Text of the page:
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Back in the days when Adam Sandler would warble those idiot-nerd ditties on Saturday Night Live‘s ”Weekend Update,” I used to marvel at the way that his act took off from the knowing limpness of his material. The bit wasn’t the song — it was Sandler’s geeky yet fearless triumph over the song. That’s what made him a star.
I got a similar feeling watching Big Daddy. Sandler plays Sonny Koufax, a 32-year-old law school graduate who works one day a week as a tollbooth clerk. This spoiled, clownish, insult-dropping underachiever takes a break from his couch-potato life to form a friendship with a 5-year-old tyke named Julian (played by identical twins Cole and Dylan Sprouse), who has been deposited at the door of his Manhattan apartment. (According to the Department of Social Services, the boy is the illegitimate child of Sonny’s absent roommate.) This sounds exactly like the sort of bogus high concept so many former SNL comics have gotten stuck in. From the get-go, we know that Sonny will bond with the kid because he’s an overgrown kid himself. Here’s the redeeming catch: Unlike, say, Chevy Chase, Adam Sandler really is a kid. As an actor, he doesn’t need to dumb himself down to act like a lovably slobby arrested-development case. It’s the essence of the Sandler élan.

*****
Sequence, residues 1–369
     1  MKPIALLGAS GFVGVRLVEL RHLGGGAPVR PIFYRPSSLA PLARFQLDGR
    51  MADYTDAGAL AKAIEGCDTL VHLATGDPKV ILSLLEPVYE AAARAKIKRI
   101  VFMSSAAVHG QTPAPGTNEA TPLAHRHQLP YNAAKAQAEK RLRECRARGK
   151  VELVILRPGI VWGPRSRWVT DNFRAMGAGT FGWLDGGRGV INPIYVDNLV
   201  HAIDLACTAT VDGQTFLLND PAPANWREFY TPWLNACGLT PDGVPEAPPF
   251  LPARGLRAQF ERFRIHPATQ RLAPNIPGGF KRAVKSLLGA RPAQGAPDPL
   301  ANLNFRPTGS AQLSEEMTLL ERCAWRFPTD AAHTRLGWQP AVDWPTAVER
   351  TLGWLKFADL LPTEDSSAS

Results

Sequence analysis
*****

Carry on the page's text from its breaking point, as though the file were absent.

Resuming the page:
In Big Daddy, the pair wander through the streets and parks of Manhattan, where Sonny teaches Julian to pee on walls and trip Rollerbladers with a strategically placed stick. The ultimate indulgent dad, he lets the kid rechristen himself ”Frankenstein,” shoot lethal slingshot pellets (result: many dead pigeons), and make a meal out of 30 packets of ketchup. The movie winks at the fact that Sonny, in effect, is raising a sociopath. Still, by the time he demonstrates the magic of make-believe by pretending that Julian can turn invisible simply by putting on sunglasses, I half expected the two to get hauled off to Life Is Beautiful‘s work camp, so that their affection could really take flight.
Much of Big Daddy looks like it was made up on the spot, but Sandler, with his bad-dog eagerness to get caught in the act of misbehaving, pulls you right through it. He never quite musters the mad, moronic zip he had in The Waterboy (the real ’90s Jerry Lewis movie), and Big Daddy doesn’t generate a lot of big laughs. It has a throwaway sweetness, though. Joey Lauren Adams, from Chasing Amy, plays the attorney who falls for Sandler, and if their relationship seems like a purely functional fairy tale, the one between Sonny and Julian is weirdly genuine: a slapstick testament to fatherhood as second childhood. B-